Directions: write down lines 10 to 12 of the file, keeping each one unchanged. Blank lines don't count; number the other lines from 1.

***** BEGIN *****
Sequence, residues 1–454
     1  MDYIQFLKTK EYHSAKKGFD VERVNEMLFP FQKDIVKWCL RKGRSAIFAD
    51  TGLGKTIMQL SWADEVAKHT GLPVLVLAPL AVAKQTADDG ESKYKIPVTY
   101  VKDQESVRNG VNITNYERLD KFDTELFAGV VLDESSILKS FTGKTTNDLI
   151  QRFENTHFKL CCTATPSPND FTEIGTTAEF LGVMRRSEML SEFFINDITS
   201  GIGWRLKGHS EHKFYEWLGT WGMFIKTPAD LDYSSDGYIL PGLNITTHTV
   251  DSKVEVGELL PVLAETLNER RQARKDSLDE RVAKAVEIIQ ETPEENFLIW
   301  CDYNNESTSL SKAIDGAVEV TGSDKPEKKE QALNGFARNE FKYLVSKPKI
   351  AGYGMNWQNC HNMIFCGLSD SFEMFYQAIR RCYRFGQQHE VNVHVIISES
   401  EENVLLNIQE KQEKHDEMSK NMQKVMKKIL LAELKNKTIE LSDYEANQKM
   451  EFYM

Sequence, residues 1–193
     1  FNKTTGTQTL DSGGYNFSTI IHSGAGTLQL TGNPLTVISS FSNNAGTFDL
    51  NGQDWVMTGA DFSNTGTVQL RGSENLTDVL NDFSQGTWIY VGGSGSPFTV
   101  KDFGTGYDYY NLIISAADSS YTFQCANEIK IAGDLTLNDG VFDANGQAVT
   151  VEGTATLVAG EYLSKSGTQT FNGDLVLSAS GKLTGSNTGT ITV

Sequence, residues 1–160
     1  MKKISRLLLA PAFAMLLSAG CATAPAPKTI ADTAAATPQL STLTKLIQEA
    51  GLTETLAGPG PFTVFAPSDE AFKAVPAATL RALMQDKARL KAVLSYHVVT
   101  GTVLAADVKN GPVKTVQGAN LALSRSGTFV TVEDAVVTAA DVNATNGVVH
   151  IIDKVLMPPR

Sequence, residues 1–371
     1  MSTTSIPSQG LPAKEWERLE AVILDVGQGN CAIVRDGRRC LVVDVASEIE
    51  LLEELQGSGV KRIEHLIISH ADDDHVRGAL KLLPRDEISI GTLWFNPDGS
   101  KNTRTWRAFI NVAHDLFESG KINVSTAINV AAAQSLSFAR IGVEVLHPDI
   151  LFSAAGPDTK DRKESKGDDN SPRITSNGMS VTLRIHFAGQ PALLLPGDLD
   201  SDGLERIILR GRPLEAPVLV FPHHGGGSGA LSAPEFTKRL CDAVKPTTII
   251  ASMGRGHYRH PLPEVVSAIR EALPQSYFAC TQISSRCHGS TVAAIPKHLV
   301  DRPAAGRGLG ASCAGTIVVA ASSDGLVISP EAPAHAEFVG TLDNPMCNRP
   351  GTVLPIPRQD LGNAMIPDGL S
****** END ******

   401  EENVLLNIQE KQEKHDEMSK NMQKVMKKIL LAELKNKTIE LSDYEANQKM
   451  EFYM

Sequence, residues 1–193